When Letta Cartlidge got on a plane as a teenager to leave her childhood home, she carried a secret. As the child of missionaries in Nigeria, she was sexually abused by a teacher at a school for missionary kids.

As the plane rose above Nigeria, she believed she would have to carry that secret forever. She thought that if she ever reported him—if she even knew how to report her abuser—it would hurt God’s reputation.

“We were in a culture where there was a looming God,” she told CT almost 30 years later. “And that looming God would punish us for disrupting the work of God.”

Cartlidge would, eventually, decide that wasn’t true. As an adult she found the courage to lead fellow former Hillcrest School students in what she calls an “incredibly discouraging” year-and-a-half effort to bring to light more than 40 allegations of abuse spanning from 1961 to 1993. The alumni won a small victory in August, when the school board voted unanimously to approve an external investigation.

It’s a step in the right direction.

Missionary organizations and Christian nonprofits have started paying increased attention to the safety of workers’ children—“missionary kids,” commonly called MKs—and advocates say the past few decades have seen marked improvement. But the rates of abuse are still high.

A recent survey of 1,904 adults who were raised in cross-cultural contexts found they were three times more likely to experience emotional abuse than children raised in their own culture in the United States. More than a third had suffered three or more adverse childhood experiences, such as abuse, violence, or neglect. Almost 30 percent reported some kind of sexual harm.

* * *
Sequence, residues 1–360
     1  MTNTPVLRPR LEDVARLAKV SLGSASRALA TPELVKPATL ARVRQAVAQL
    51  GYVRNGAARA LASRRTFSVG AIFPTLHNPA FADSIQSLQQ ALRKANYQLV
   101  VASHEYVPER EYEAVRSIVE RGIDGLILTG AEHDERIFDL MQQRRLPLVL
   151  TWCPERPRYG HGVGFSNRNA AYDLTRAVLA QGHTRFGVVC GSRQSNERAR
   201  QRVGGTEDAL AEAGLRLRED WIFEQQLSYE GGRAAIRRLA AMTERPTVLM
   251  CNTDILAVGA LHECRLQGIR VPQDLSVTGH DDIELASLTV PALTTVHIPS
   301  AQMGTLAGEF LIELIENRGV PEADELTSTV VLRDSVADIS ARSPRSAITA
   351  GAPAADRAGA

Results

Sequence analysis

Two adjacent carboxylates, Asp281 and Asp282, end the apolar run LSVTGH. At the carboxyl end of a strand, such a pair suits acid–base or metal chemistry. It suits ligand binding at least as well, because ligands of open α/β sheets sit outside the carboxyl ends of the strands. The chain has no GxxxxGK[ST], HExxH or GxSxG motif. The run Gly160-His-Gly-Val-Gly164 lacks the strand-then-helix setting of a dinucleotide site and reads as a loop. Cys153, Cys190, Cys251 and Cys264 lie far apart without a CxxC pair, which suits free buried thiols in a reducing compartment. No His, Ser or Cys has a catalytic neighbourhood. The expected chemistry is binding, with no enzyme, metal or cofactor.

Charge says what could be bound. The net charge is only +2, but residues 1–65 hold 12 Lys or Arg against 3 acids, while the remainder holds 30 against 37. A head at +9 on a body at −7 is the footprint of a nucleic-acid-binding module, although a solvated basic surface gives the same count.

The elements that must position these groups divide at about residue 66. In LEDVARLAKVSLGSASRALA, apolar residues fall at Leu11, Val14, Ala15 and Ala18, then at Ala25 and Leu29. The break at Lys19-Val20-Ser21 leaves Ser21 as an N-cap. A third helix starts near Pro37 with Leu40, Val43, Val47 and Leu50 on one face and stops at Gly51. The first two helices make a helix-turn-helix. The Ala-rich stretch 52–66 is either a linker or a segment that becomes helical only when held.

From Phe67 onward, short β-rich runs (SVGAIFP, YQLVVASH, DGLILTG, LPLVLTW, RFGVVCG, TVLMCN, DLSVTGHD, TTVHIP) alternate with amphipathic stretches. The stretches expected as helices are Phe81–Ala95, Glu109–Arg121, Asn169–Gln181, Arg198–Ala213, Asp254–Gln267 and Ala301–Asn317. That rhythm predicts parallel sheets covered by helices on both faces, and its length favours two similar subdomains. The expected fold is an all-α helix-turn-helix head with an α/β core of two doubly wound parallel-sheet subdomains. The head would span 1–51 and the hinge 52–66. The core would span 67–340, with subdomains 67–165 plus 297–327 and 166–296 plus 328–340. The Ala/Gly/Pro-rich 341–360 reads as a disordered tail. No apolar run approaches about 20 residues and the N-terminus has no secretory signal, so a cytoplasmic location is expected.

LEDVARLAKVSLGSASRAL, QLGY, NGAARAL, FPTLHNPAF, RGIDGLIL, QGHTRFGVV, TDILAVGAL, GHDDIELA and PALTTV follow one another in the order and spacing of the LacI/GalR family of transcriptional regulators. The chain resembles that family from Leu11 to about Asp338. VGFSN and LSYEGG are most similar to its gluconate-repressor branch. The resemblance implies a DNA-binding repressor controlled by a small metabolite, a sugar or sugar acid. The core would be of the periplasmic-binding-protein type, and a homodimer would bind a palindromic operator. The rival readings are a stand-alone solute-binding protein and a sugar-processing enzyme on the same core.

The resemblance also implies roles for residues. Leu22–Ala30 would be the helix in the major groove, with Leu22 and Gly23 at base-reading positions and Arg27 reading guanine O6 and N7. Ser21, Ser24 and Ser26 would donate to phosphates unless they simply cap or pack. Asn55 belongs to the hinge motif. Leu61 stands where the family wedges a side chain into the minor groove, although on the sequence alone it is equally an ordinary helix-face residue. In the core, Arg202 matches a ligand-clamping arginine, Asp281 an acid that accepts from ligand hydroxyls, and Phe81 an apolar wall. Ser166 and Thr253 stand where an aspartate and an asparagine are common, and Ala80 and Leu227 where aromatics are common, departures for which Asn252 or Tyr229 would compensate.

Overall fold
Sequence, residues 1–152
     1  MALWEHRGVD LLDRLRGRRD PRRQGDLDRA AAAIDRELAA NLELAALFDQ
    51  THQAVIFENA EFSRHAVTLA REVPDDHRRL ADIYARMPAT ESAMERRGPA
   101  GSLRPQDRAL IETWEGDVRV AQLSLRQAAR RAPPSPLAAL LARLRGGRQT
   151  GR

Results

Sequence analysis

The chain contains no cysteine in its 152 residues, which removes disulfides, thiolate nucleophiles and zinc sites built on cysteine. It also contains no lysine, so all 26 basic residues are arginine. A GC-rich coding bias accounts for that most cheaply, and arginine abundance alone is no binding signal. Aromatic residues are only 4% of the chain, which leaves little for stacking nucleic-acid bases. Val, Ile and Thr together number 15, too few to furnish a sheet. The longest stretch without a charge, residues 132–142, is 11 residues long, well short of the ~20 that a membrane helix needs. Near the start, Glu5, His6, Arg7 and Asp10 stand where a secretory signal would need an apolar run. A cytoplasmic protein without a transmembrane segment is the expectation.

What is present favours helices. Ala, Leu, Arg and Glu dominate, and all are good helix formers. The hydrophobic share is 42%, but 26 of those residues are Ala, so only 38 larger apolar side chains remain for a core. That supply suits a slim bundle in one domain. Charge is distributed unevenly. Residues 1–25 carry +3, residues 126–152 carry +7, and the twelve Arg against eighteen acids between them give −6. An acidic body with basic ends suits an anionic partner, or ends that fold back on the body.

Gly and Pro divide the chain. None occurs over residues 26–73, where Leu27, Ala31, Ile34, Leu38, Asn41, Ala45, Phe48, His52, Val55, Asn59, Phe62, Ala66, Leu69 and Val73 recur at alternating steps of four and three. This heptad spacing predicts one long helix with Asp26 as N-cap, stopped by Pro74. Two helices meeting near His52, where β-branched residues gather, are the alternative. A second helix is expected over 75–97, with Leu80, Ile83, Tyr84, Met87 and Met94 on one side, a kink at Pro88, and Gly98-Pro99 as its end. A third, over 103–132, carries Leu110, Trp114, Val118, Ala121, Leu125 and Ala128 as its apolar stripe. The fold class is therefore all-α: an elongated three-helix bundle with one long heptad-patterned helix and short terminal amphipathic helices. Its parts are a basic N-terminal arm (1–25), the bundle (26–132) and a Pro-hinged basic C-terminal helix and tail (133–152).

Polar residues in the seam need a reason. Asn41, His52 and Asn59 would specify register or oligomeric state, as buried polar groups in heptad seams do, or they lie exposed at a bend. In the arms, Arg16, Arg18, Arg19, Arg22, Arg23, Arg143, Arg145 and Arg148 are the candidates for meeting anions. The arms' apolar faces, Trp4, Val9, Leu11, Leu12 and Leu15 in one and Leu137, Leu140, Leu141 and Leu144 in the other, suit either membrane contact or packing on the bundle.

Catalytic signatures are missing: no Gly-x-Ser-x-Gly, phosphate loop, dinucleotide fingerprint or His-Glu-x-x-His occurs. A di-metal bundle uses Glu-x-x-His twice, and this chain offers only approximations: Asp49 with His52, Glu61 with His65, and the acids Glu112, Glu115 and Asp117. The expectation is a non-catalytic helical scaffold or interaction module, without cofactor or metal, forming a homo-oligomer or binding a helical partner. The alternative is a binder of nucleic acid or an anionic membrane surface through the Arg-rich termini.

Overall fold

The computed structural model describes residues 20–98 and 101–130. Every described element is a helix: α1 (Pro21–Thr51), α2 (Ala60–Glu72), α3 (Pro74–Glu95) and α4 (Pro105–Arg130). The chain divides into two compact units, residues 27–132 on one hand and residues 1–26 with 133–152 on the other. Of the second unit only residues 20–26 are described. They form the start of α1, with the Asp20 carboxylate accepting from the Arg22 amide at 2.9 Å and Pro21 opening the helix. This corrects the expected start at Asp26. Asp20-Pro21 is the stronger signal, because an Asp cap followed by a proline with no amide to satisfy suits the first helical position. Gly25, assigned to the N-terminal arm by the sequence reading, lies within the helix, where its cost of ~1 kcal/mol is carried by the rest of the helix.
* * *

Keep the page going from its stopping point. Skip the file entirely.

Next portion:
“A lot of people in the international world think of this as this safe bubble for kids,” said Tanya Crossman, coauthor of the TCK Training report. “Our data is showing the opposite. We want to pay attention and provide the preventive care and provide protective factors.”

Not only do MKs and “third culture kids” (TCKs) suffer more abuse, but they also face extra obstacles reporting abuse overseas, advocates say. And when they do report, they risk being ostracized from the close-knit missions world.

“How is it going on so long?” said advocate Michael Pollock. “All these kinds of abuse continue, and we’re still unwilling to look at it square in the face to call it what it is, and to deal with it in a way that brings healing.”

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Historically, missionary boarding schools have been especially vulnerable to abuse because they are very isolated, said Dianne Couts, president of MK Safety Net. They often developed a culture and religious rhetoric of control and discipline.

Boarding schools were considered a necessity for missions to continue, and those who spoke out against them were often seen as a threat to the entire missionary enterprise, said Ruth Van Reken, coauthor of the bestseller Third Culture Kids. In her earlier book, Letters Never Sent, she wrote about her own difficult experience at a boarding school.

Early whistleblowers including Couts and Van Reken brought attention and ultimately change to many MK schooling options. In the past, boarding schools were considered standard for the children of missionaries—often starting at age six. Now only 4 percent of the 170 schools accredited by the Association of Christian Schools International offer boarding options.

And yet, homeschooled MKs still report the highest rates of adverse childhood experiences. Most forms of abuse and neglect are more common for them than they are in the boarding schools, international schools, or local schools that MKs have attended.

According to the TCK Training research, MKs often live in isolated environments. And the more often they move, the more vulnerable they become to abuse.

“The sense of reality and what’s true and real in a new situation is thrown up in the air,” said Pollock. “Their relational anchors get pulled up. And then structures of reporting, like who’s safe, may be missing or changed.”

MKs are often put in close contact with other missionaries they don’t know but are expected to trust, he said. And their parents are often under a lot of stress and pressure to perform, with ideas about sacrificing their personal well-being for the gospel. Mental health care and social networks that prevent or catch abuse are weaker.